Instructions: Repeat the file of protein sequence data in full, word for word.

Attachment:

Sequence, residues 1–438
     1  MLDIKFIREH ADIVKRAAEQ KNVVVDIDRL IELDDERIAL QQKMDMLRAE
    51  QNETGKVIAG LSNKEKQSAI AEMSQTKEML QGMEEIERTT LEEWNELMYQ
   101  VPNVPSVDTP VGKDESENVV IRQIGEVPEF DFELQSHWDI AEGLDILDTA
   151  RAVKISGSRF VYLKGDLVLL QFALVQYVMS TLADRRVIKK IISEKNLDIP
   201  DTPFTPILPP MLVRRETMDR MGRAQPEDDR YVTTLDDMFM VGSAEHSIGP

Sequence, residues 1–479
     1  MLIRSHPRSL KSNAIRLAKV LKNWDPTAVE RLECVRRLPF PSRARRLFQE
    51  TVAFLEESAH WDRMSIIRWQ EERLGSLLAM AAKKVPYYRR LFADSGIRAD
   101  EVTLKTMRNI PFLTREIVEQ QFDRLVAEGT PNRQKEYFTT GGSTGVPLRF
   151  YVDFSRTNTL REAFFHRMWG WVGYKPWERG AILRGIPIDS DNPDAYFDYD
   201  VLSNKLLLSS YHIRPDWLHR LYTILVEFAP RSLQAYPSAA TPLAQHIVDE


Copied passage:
Sequence, residues 1–438
     1  MLDIKFIREH ADIVKRAAEQ KNVVVDIDRL IELDDERIAL QQKMDMLRAE
    51  QNETGKVIAG LSNKEKQSAI AEMSQTKEML QGMEEIERTT LEEWNELMYQ
   101  VPNVPSVDTP VGKDESENVV IRQIGEVPEF DFELQSHWDI AEGLDILDTA
   151  RAVKISGSRF VYLKGDLVLL QFALVQYVMS TLADRRVIKK IISEKNLDIP
   201  DTPFTPILPP MLVRRETMDR MGRAQPEDDR YVTTLDDMFM VGSAEHSIGP

Sequence, residues 1–479
     1  MLIRSHPRSL KSNAIRLAKV LKNWDPTAVE RLECVRRLPF PSRARRLFQE
    51  TVAFLEESAH WDRMSIIRWQ EERLGSLLAM AAKKVPYYRR LFADSGIRAD
   101  EVTLKTMRNI PFLTREIVEQ QFDRLVAEGT PNRQKEYFTT GGSTGVPLRF
   151  YVDFSRTNTL REAFFHRMWG WVGYKPWERG AILRGIPIDS DNPDAYFDYD
   201  VLSNKLLLSS YHIRPDWLHR LYTILVEFAP RSLQAYPSAA TPLAQHIVDE